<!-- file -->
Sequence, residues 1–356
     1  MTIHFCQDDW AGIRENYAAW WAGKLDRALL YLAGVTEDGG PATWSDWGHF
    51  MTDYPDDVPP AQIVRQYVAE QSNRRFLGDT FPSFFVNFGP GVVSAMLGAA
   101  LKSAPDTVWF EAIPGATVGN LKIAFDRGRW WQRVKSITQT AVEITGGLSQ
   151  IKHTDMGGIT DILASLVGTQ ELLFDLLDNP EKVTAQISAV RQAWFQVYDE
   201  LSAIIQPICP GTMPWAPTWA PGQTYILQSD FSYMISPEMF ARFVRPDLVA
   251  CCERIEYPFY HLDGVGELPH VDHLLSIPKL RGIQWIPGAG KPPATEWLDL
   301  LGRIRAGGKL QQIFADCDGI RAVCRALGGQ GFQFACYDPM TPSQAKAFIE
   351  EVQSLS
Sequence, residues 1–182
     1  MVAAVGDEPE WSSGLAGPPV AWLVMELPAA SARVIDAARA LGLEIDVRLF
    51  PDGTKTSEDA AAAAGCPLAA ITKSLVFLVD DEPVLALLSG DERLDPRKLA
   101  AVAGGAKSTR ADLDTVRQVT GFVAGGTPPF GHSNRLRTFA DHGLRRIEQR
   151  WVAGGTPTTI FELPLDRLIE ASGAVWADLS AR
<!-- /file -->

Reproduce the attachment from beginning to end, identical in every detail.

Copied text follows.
Sequence, residues 1–356
     1  MTIHFCQDDW AGIRENYAAW WAGKLDRALL YLAGVTEDGG PATWSDWGHF
    51  MTDYPDDVPP AQIVRQYVAE QSNRRFLGDT FPSFFVNFGP GVVSAMLGAA
   101  LKSAPDTVWF EAIPGATVGN LKIAFDRGRW WQRVKSITQT AVEITGGLSQ
   151  IKHTDMGGIT DILASLVGTQ ELLFDLLDNP EKVTAQISAV RQAWFQVYDE
   201  LSAIIQPICP GTMPWAPTWA PGQTYILQSD FSYMISPEMF ARFVRPDLVA
   251  CCERIEYPFY HLDGVGELPH VDHLLSIPKL RGIQWIPGAG KPPATEWLDL
   301  LGRIRAGGKL QQIFADCDGI RAVCRALGGQ GFQFACYDPM TPSQAKAFIE
   351  EVQSLS
Sequence, residues 1–182
     1  MVAAVGDEPE WSSGLAGPPV AWLVMELPAA SARVIDAARA LGLEIDVRLF
    51  PDGTKTSEDA AAAAGCPLAA ITKSLVFLVD DEPVLALLSG DERLDPRKLA
   101  AVAGGAKSTR ADLDTVRQVT GFVAGGTPPF GHSNRLRTFA DHGLRRIEQR
   151  WVAGGTPTTI FELPLDRLIE ASGAVWADLS AR